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Equipment Clothing The People Chronology of Climbs

1833

Dr. William Fraser Tolmie guided by Indians on a "botanizing expedition" in Spray Park area.

1852

Robert S. Bailey, John Edgar and Benjamin F. Shaw climbed the south side of Mt. Rainier to near the 14,000' level.

1855

Saluskin, a Yakima Indian, guided two surveyors to Mystic Lake. The two claimed to have climbed to top of Mount Rainier.

1857

Wapowety guided Lt. August Valentine Kautz and his men to Kautz Glacier. Kautz climbed higher than others of his party, reaching a height of approximately 14,000'.

1870

Sluiskin and James Longmire guided General Hazard Stevens, Philemon Beecher Van Trump and Edmund Thomas Coleman to Bear Prairie. Stevens and Van Trump climbed to the top.

 

James Longmire and two Indians from the Cowlitz Valley guided two surveyors, Samuel Franklin Emmons and A. D. Wilson, to the Cowlitz glacier area. Emmons and Wilson climbed to the top.

1883

James Longmire, with the help of Indian Henry, guided George B. Bayley, Philemon Beecher Van Trump and William C. Ewing on the approximate route taken by Stevens and Van Trump in 1870. Longmire, Bayley and Van Trump went to the top.

1884

J. Warner Fobes, George James and Richard O. Wells hiked past Crater Lake to Spray Park, crossed the Carbon Glacier and climbed the Winthrop Glacier to the North Peak and the summit of Mount Rainier.

1887

Edward S. Ingraham climbed with a Seattle party up the northeast side of Mount Rainier to the 13,800' level.

 

Fay Fuller, on her first trip to Paradise, hiked to an elevation of 8,700', below Anvil Rock.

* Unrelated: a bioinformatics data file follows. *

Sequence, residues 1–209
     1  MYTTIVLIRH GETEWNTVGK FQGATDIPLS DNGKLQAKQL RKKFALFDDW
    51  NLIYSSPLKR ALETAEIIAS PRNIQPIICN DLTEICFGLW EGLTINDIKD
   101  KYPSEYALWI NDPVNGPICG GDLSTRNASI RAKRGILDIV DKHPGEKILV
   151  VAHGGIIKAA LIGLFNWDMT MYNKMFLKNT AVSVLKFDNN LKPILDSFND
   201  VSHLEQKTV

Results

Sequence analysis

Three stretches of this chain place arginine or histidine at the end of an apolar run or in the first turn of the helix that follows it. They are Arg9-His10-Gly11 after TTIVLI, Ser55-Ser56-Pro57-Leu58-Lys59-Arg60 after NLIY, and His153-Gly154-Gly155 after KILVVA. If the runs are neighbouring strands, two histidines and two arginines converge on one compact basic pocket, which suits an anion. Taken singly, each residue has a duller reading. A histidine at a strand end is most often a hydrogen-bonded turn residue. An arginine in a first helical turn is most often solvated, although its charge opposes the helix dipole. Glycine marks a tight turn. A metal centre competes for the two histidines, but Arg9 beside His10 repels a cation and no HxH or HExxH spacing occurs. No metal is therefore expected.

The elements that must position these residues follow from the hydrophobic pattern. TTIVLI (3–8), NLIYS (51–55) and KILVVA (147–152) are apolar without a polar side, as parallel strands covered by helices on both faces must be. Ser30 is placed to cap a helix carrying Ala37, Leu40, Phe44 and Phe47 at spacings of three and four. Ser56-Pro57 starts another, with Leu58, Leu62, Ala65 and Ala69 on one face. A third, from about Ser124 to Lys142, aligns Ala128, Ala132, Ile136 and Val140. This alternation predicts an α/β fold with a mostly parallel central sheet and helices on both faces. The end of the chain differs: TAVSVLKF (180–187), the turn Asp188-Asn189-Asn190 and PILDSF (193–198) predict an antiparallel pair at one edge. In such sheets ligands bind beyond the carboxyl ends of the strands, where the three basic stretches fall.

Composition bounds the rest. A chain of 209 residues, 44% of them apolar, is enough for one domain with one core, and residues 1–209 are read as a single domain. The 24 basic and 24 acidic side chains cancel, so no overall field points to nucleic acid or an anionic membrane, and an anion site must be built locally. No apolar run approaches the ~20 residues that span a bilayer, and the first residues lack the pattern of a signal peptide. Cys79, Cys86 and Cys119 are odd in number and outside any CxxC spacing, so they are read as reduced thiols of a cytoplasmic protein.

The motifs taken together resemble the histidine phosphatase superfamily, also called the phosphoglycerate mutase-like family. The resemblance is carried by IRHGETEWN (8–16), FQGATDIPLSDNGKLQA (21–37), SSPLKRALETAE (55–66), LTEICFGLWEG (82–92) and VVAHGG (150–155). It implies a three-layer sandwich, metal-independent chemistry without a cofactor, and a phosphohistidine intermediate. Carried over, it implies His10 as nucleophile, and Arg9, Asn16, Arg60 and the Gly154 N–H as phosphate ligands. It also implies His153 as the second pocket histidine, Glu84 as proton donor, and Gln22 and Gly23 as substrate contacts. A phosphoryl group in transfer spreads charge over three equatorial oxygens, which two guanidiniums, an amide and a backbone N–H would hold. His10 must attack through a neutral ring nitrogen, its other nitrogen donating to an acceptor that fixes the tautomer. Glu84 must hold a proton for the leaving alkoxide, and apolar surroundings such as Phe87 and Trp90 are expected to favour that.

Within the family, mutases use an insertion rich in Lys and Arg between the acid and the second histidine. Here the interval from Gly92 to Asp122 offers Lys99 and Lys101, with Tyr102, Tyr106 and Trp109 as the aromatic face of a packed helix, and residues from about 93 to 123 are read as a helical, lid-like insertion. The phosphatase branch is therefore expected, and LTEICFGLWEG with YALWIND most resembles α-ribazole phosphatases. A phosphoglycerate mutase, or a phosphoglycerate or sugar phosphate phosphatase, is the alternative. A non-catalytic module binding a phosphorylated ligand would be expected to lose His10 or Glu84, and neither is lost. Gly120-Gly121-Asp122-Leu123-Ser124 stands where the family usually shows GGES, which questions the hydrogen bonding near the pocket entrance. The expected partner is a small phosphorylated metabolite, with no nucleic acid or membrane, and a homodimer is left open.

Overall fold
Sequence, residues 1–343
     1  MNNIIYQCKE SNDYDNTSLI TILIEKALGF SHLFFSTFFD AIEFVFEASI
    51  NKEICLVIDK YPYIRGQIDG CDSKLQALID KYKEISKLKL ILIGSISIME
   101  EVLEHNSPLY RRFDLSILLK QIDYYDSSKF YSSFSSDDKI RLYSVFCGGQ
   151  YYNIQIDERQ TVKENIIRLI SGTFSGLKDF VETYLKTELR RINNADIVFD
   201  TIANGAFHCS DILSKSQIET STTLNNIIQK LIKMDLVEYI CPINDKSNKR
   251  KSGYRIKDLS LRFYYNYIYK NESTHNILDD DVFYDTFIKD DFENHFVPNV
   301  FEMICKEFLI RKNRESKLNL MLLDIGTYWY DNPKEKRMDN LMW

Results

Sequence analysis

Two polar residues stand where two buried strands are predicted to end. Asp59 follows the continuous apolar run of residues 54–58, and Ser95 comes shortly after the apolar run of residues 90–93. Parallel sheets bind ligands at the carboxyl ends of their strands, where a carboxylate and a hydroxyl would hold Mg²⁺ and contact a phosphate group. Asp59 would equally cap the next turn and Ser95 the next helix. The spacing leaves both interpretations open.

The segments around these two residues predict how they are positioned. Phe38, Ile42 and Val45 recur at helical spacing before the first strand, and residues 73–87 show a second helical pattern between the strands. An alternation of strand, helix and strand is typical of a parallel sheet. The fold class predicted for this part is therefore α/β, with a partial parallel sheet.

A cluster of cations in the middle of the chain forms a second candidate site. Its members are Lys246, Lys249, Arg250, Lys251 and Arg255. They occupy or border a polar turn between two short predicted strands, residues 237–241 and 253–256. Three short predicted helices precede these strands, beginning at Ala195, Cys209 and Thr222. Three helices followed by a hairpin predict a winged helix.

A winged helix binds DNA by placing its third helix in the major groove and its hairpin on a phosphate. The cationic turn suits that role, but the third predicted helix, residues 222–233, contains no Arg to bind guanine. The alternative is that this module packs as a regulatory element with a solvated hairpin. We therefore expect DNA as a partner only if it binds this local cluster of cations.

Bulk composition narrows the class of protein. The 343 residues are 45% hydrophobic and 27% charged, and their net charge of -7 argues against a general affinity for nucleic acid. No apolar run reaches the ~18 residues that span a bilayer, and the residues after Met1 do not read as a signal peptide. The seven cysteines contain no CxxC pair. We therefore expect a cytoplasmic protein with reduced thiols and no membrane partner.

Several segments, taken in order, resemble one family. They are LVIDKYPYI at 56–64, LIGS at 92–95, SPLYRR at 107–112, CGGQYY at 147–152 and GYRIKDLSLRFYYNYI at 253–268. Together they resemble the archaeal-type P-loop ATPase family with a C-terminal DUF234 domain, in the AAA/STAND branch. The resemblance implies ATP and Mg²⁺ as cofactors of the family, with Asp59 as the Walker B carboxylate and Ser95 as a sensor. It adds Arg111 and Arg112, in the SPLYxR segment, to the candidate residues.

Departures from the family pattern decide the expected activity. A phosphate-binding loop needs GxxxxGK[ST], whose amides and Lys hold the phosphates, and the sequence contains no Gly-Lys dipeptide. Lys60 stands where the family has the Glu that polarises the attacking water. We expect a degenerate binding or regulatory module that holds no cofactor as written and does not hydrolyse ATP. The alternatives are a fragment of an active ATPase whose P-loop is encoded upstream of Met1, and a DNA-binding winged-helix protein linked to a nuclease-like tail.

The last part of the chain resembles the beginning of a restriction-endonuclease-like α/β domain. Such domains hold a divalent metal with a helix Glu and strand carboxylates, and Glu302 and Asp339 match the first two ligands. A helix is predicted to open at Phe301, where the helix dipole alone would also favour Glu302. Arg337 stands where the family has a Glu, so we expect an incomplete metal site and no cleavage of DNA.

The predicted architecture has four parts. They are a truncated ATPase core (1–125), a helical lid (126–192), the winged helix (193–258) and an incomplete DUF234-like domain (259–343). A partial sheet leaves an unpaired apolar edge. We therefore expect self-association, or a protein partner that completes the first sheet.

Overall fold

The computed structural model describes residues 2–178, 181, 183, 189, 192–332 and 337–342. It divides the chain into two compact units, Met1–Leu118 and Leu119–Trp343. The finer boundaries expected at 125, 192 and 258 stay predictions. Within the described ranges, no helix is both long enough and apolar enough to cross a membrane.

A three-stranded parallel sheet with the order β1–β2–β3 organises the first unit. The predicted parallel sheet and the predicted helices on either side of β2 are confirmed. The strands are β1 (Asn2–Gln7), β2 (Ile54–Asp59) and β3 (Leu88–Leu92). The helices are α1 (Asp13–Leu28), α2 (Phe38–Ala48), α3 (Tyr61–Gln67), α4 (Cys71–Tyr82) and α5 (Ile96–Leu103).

1888

John Muir, Daniel W. Bass, George B. Bayley, Norman O. Booth, William Keith, Edward S. Ingraham, N. Loomis, Charles Vancouver Piper, Philemon B. Van Trump and Arthur Churchill Warner were packed to Camp of the Clouds at Paradise by John Hays and Joe Stampfler. The party, except Hays, Keith and Stampfler, climbed to the top.

1889

Edward S. Ingraham, Roger S. Green, Dr. H. E. Kelsey, L. M. Lessey, Rev. E. C. Smith, J. Van. Smith and Grant Vaughn climbed from Paradise to the summit.

 

Charles H. Gove of Oregon Alpine Club and J. Nichols climbed from Paradise to the summit.

 

Nine year old Christine Van Trump "climbed with her father as far as her strength would allow." Despite having a crippling nervous disorder, she made it to the 10,000' level. Christine Falls was named in her honor.

1890

Oscar Brown claimed to have made a solo ascent of the mountain. His claim is questionable.

 

Fay Fuller joined W. O. Amsden, Leonard Longmire, Robert R. Parrish and Rev. E. C. Smith in a successful climb. The party stayed overnight at the top.

 

Solomon C. Hitchcock, Will Hitchcock, Arthur F. Knight and F. S. Van Watson climbed from Paradise to the top.

1891

Oscar Brown, Silas Balsley, P. L. Markey and A. G. Rogers climbed from Paradise with an Enumclaw flag and pole that they planted just below the summit.

 

Elcaine Longmire, his son Leonard, his daughter Susan, her friend Edith Corbett, Ed T. Allen, Miller Cooper, Hans Paulson and Dr. E. A. Stafford climbed to the top.